After the Argument

Couples Arguing Ask: Talk or Don't Talk After the Blow-Up?

Couples arguing…a common occurrence…you’ve just had a huge blow-up between you and your spouse and now the situation is relatively calm.

You went to do your activities and your spouse went somewhere else in the house. As time moves on do you bring the issue up again and risk another blow-up, or let it go and hope that the issue will resolve itself?

Or, you recently found out your spouse was having an affair.

You’ve yelled and screamed about it, cried and sobbed about it, and now there is a lull in the hostilities. However, you still have questions about the affair and your spouse’s activities, motivations, feelings, and thoughts. Do you enjoy the peace and hope this is over, or do you voice your concerns and risk more rage from either one of you?

What do you do after a big argument, or after a big fight?

Women and Men Usually Have Different Methods

Although not always true, women usually want to talk things out, while men want to “fix” the situation or “drop it” and move on.

When the wife continues to bring up the painful issue, the husband feels attacked and responds accordingly. The wife feels misunderstood and isolated: she thinks, “he doesn’t care enough to work this out.”

If you don’t actively stop this process, your relationship will deteriorate over the years until you wonder what you ever saw in each other to get together in the first place.

Getting Out Of This Vicious Cycle

First, remember that you are friends, not enemies. Your job as a friend is to consider what you say and how you say it. Friends don’t run away from or ignore issues, either. They work through the issues together with their friend.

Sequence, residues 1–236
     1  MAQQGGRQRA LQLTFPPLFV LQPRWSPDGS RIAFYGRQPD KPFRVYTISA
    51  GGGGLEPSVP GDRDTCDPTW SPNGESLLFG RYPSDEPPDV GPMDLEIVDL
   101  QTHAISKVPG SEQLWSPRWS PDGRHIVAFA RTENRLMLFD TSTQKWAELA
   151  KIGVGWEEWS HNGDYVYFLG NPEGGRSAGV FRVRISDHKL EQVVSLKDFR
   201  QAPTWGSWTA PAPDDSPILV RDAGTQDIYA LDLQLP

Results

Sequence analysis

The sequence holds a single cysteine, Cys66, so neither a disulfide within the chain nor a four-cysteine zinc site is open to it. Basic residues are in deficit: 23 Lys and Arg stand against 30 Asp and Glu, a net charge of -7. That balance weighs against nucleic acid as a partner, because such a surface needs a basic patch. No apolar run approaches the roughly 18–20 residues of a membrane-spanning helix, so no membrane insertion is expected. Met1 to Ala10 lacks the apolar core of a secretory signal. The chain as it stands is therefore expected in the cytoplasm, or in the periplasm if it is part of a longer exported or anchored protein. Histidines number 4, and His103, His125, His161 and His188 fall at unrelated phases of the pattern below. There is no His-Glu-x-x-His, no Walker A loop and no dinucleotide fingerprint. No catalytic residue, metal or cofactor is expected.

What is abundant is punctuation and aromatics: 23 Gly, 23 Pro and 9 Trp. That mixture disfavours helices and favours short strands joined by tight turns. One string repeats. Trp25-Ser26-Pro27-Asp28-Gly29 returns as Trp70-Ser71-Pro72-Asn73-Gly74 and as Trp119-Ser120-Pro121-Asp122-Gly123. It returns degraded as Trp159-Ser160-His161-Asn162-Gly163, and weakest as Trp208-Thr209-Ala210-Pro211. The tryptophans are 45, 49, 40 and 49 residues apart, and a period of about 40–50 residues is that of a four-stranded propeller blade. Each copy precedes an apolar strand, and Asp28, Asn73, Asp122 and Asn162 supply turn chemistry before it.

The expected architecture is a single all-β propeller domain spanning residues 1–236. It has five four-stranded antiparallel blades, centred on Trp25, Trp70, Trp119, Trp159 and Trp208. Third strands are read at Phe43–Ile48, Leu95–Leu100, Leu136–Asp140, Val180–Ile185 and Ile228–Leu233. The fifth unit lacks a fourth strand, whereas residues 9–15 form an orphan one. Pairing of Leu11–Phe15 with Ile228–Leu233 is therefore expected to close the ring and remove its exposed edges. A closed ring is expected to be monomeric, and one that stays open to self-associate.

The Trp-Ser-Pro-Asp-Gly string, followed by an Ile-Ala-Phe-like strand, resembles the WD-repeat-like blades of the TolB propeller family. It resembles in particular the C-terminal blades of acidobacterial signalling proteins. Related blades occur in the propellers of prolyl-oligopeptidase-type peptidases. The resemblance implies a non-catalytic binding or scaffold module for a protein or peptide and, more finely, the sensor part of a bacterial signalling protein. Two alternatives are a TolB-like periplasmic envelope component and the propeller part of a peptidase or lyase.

For the person who wants to talk:
  • Being a friend means being sensitive to how the discussion is begun.
  • If at all possible, avoid attacks.
  • It means being sensitive to when is a good time to begin.
  • Notice when the other person might need a break.
  • When you take a break set a specific time to revisit the issue.
For the person who wants to avoid talking:
  • Being a friend means bringing up the issue even though you know it’s not going to be comfortable or pleasant.
  • If you don’t know what to say, you can describe how you’ve been thinking about it.
  • You can admit that you don’t know how to proceed.
  • You want to go back over the issue because you value your relationship.
  • And you don’t want your partner to think that their concerns are being ignored.

Start Acting Like A Friend Again

There is a good chance that you haven’t acted as a friend since soon after you married.

You’re both out of practice and it will be very uncomfortable at first. You might even feel it is risky because you are openly showing your care and concern for your partner even if you might think he or she doesn’t deserve it right now. Love is about making yourself vulnerable.

With consistent practice, you will get better, and you have to continue trying to talk like a friend even when you think your spouse doesn’t deserve it. You might try a communication exercise for your marriage to give you some ideas about improving your communication skills.

I wish you all the best in your efforts to improve your marriage. Work to make your marriage better than it’s ever been. A great marriage doesn’t just happen, you have to create it through your consistent efforts.

Warm regards and my best wishes for a wonderful marriage,